By Georgia D. Koutouzos, J.D.
Subject-matter jurisdiction, sovereign immunity, and statute of limitations grounds doomed various claims against the former university professor by five former students, who nevertheless were permitted to amend their complaint to add more plaintiffs and better substantiate certain causes of action.
The scope of a sexual harassment lawsuit against the University of Alaska and a former professor by several female students has been narrowed by the federal court in that state, which nevertheless allowed two new plaintiffs to be added to the ongoing litigation. Dismissing the students’ state-law sexual discrimination and intentional tort claims against the university as barred by the Eleventh Amendment, the court also dismissed federal civil rights law claims because the plaintiffs failed to demonstrate a reasonable likelihood of future injury and most of their tort claims as time-barred by Alaska’s two-year statute of limitations (Doe v. Yesner, September 4, 2019, Holland, H.).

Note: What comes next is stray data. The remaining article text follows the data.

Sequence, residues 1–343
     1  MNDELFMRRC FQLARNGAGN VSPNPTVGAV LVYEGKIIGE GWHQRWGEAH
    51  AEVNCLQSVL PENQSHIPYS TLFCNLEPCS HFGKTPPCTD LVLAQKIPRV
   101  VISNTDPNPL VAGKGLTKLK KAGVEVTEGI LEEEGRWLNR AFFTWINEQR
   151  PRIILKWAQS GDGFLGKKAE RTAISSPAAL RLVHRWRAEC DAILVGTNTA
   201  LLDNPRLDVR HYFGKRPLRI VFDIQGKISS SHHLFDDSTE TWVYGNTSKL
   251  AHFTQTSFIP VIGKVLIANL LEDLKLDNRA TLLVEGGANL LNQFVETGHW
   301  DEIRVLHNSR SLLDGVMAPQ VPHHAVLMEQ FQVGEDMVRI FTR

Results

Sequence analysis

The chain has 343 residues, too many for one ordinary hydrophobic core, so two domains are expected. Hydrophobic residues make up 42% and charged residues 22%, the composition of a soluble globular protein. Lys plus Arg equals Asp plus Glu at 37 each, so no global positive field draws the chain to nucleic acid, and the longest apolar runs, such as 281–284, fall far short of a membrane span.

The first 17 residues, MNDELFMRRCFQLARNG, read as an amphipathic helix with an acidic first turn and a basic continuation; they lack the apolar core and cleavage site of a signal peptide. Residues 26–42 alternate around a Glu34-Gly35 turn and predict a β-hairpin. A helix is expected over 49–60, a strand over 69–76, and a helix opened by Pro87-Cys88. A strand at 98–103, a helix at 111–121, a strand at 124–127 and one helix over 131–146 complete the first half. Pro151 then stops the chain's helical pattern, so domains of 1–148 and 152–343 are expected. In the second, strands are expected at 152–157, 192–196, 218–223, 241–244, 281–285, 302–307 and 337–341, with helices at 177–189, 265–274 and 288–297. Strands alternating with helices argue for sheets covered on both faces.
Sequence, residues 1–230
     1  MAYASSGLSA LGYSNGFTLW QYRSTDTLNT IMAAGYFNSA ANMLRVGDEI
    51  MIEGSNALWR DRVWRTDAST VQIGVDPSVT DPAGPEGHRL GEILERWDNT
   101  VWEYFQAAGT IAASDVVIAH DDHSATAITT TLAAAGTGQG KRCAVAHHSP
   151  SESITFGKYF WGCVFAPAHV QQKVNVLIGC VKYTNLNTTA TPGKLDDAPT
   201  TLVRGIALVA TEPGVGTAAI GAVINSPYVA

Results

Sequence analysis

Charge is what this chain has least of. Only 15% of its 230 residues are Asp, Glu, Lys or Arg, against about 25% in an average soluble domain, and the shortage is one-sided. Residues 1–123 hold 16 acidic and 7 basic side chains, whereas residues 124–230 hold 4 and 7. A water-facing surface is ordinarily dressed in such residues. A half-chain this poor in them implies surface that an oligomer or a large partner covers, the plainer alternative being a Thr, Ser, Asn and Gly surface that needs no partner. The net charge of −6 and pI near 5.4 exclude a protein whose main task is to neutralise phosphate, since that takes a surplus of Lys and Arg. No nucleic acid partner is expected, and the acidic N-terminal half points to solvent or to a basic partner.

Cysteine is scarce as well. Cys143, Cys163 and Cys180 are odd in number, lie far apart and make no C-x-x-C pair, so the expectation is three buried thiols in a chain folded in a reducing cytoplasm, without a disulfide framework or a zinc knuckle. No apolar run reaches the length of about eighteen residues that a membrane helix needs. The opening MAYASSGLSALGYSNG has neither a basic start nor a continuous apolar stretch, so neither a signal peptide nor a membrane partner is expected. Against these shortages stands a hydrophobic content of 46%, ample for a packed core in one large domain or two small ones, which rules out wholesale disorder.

Five former students at the University of Alaska who allegedly had experienced sexual advances and inappropriate physical touching by a former professor filed suit against him and the university on behalf of themselves and other potential victims, alleging among other things causes of action for violations of Title IX, civil rights law violations, state-law based sexual discrimination claims, and various intentional torts. For relief, the former students sought damages and an injunction barring the university from unlawful discrimination based on sex, as well as a formal public statement in their support plus the removal of the former professor’s name from diplomas and other official university documents.
According to the plaintiffs, a March 2019 report released by outside counsel hired by the university detailed years and years of predatory behavior inflicted on female students by the professor, who was banned from the university campus and from affiliating with the university after the report’s publication.
The university and the former professor moved to dismiss some of the causes of action for failure to state a claim on which relief could be granted, while the professor sought to preclude the women from proceeding under pseudonyms. For their part, the former students moved to amend their complaint to add two additional plaintiffs.